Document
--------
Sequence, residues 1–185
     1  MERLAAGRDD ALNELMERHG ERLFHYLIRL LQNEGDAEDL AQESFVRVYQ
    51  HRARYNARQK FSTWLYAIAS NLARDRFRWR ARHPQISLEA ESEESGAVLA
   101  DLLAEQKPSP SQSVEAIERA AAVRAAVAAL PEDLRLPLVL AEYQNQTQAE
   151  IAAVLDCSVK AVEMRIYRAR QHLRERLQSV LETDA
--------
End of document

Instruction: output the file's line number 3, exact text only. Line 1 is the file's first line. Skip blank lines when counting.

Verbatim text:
    51  HRARYNARQK FSTWLYAIAS NLARDRFRWR ARHPQISLEA ESEESGAVLA